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Cinco de Mayo Across the Country — On the Road

by in Holidays, Restaurants, April 30th, 2013

Cinco de Mayo Across the Countryby Amanda Marsteller

Satisfy your Cinco de Mayo cravings at Food Network-approved Mexican eateries across the country. These savory and spicy stops will perk up your palate, from poblano-style cemita sandwiches in Chicago to Guerrero-style fish tacos in San Diego. Grab a margarita and celebrate Mexico’s rich culinary heritage stateside.

1. Avila’s – Dallas
This Tex-Mex menu showcases specialties like chile relleno, pollo con calabaza — a Mexican chicken stew with squash and corn — and brisket tacos that Guy raved about on Diners, Drive-Ins and Dives. Stop and savor the brisket, slow-cooked in red wine, garlic and onions until tender and juicy.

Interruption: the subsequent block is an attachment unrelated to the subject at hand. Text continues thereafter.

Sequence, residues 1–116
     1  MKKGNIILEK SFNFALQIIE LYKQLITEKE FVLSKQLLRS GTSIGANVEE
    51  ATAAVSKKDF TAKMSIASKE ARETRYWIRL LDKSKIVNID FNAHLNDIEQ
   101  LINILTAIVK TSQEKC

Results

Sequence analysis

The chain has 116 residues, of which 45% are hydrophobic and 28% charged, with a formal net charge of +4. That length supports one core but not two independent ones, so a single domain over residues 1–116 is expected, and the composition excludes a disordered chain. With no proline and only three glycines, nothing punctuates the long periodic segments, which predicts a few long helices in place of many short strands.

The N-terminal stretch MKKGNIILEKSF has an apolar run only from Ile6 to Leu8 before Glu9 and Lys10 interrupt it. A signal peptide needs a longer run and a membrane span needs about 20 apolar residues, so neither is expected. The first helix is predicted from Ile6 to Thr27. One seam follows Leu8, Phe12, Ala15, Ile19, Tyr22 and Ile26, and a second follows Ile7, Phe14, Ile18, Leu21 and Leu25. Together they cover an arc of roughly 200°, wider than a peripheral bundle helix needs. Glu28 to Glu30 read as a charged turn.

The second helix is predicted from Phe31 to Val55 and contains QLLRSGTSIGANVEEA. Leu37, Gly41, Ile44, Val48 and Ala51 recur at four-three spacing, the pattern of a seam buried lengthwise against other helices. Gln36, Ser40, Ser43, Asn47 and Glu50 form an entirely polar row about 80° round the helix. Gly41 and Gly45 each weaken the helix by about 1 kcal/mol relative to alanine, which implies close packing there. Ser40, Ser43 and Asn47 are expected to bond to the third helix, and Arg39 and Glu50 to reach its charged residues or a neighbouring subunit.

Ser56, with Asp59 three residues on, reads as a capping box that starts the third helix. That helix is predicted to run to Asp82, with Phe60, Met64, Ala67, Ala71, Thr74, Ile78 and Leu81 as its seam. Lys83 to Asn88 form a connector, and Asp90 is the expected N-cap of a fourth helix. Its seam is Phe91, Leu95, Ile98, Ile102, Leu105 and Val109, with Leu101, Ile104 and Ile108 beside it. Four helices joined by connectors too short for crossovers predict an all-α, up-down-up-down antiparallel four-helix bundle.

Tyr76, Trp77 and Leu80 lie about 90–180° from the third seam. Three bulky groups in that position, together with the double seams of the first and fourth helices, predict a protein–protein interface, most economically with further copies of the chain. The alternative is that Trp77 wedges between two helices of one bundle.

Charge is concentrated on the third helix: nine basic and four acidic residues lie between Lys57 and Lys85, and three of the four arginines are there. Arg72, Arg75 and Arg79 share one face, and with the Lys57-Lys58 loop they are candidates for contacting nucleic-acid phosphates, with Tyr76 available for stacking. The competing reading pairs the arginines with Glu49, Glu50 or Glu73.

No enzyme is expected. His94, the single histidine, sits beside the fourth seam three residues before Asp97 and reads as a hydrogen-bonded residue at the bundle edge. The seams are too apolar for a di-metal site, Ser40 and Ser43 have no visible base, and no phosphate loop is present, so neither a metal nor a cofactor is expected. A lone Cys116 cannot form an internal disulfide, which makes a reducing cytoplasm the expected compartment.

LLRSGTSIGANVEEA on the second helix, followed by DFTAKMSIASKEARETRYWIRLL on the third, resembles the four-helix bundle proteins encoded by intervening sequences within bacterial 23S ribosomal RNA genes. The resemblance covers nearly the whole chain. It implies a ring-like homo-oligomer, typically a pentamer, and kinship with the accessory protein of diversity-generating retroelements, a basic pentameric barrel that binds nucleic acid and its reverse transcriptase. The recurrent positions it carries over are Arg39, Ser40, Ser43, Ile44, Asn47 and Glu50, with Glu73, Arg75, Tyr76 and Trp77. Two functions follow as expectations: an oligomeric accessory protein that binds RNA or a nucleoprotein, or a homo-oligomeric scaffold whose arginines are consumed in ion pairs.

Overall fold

2. Cemitas Puebla — Chicago
At the Windy City’s only restaurant serving cemitas, you’ll find authentic poblano sandwiches on sesame rolls slathered with avocado and adobo, then stuffed with meaty fillings like breaded pork chops or more adventurous options like pata, aka cow foot. No wonder they sell 300 cemitas a day.

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Vacuum-Sealed Chicken, Matzo Pancakes and Passion Fruit, Three Ways — Rebel Remix

by in Food Network Chef, Shows, April 29th, 2013

Chopped All-Stars Round 4 Entree Basket